I nodded. I didn’t know what else to do. What did he mean, finally meet me? After that, Corpet moved from one man to another, some with their wives on their arms, some without. He introduced me to each person. I did my best to memorize all of the names and faces and lineages. At last a servant called us in to dinner. I wasn’t looking forward to it. I was going to have to make casual conversation with the people around me. I had nothing in common with them and I was already exhausted. Corpet patted my hand on his arm. “You’re doing wonderfully, Delia.

 

Thank You! Come back next week for Part 4.

1179 Words

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Slave Elf Part 2: Flash Fiction Friday Post

http://magikstock.deviantart.com/art/Camel-1-319794644

Part 2

 

As the camels followed the wagon ahead of them, I sat, half-conscious on the wagon seat. How did this happen to me? I’d asked around over the years, humans staring at the slave brand on my hand. Elves were never slaves, it seemed, but me. What was wrong with me that the elves left me with these slavers? Were elf children so plentiful that one could be snatched away and no one cared?

 

I’d seen elves in the caravan’s travels. Aloof, regal, I longed to shout out to them but Master Corpet, and his father and grandfather, made sure I was chained in my wagon when elves were about. I didn’t even really know anything about elves. Their culture, who they worshipped, favorite foods. The darkness came over me, as had for years. Snippets of memories surfaced of me as a toddler, my parents, laughing, singing, making music. I could almost hear it.

 

The snap of a quirt on my thigh brought me out of my dream. Tears flowed unbidden at the sudden pain. When I blinked, Emil was on horseback beside the wagon, laughing. An evil laugh that reminded me he didn’t care if I hurt or not.

 

“Master Corpet bids you read this and write a response.” He handed me the paper. He didn’t want to throw it in case it blew away. He’d be the one chasing it down.

 

I took it and nodded. “Right away.”

 

Emil snorted then wheeled his horse around and galloped off to the rear of the caravan where the horses were being herded.

I opened the paper and read.

 

Master Corpet,

 

Greetings and well met. Lord Verden passed away last winter. A great loss to his family, friends, and the city, Katzin, as well. As his nephew and heir, I will greet you at the palace at your earliest convenience. Send word on your arrival and an audience will be arranged.

 

As to your business, Uncle left clear direction. I will continue to support you in your endeavors. We will speak of it in person.

 

Lord Trayford

 

Nothing unusual. Much of Master Corpet’s work was done in person, so I wasn’t concerned about that part of the letter. That the old Lord was dead, again, humans have so short a life, I wasn’t surprised by that either. I’d never met the man. I puzzled a bit over …your endeavors. As the master’s book-keeper I was sure I knew all the master’s business. Some of it less than legal, but there seemed nothing Lord Trayford could help with, unless it was protecting the caravan routes from competitors.  I folded the letter and tucked it in my sleeve pocket. No response could be written until the wagons stopped and we neared Katzin.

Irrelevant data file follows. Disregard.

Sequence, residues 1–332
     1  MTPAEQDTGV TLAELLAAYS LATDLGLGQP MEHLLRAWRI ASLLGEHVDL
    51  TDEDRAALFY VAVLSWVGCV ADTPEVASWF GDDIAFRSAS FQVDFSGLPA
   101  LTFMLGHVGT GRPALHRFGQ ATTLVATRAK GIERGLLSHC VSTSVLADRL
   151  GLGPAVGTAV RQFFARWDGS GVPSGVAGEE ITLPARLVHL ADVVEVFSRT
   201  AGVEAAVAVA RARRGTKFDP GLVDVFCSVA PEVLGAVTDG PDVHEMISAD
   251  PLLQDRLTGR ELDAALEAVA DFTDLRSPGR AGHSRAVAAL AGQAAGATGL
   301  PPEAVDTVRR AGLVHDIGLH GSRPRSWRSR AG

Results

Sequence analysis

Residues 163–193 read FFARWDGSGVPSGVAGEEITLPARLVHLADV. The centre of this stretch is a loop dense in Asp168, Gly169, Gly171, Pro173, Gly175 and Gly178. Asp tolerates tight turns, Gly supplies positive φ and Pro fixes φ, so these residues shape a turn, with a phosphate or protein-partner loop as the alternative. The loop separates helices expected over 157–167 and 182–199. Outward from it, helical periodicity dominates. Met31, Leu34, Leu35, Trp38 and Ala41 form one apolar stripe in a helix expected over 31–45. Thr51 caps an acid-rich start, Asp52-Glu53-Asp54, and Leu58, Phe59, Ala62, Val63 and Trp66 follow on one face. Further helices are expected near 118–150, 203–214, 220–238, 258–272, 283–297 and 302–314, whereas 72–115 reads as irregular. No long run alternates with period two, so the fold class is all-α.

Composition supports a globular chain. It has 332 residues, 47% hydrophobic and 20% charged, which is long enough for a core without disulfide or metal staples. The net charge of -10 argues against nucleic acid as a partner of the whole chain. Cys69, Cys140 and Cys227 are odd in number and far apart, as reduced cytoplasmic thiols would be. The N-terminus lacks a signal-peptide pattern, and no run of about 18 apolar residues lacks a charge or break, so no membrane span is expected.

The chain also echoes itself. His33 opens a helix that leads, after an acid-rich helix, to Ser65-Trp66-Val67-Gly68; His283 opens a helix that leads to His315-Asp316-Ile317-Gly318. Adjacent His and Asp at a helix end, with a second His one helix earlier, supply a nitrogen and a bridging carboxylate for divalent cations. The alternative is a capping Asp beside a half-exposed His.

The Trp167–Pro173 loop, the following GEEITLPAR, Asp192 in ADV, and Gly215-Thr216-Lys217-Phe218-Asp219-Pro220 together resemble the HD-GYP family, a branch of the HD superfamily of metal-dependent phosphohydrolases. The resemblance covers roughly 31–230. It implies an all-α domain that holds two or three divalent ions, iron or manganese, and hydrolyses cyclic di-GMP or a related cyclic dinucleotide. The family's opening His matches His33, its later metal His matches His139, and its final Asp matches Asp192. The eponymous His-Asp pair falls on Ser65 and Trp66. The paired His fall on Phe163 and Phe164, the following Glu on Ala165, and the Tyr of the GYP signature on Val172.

After we camped and I had fetched water for my wagon, I went to see Master Corpet. I stood silently at the back of his wagon as he gave direction to the camel drover leader, the slave minder, and Emil. Emil spit in the sand at my feet as he left the master to take care of his tasks.

 

Corpet grinned at me. “And you, little Delia. What do you have?”

 

I swallowed my gall at the diminutive. I was forty years older than he was. “Other than announcement of our arrival in Katzin, do you want anything else included in the letter to Lord Trayford?”

 

He shook his head; his turban ends swinging gently. “No. That will be all. We will arrive tomorrow. Give me the letter in the morning and I’ll send it from the gate. The lord won’t be ready for me until well after we get to the caravanserai and I have a chance to bathe and refresh myself.”

 

“Yes, master.” I bowed and turned to go.

 

“Delia.”

 

I turned back to him. “Master.”

 

He studied me a long moment. I could feel myself begin to tremble. What was he thinking?

 

“When did you come to us?”

 

I bit my tongue at his choice of words. Come to us? As though it were my idea and I was an honored guest? “I was six, Master. Sixty-three years, eight months, eleven days.”

 

He nodded. “My grandfather. Papa told me. That’s a long time to be a slave.”

 

I shivered, clasping my hands so that he couldn’t see them shake. “I think so, Master. That’s three human generations. A whole human lifetime.” I lifted my chin as I spoke then fearing I’d gone too far, ducked my head and shifted my gaze to the sand.

 

He grunted. “Indeed. That’s all.” He turned and went into his wagon, calling for his personal slave, Sam, to bring him wine.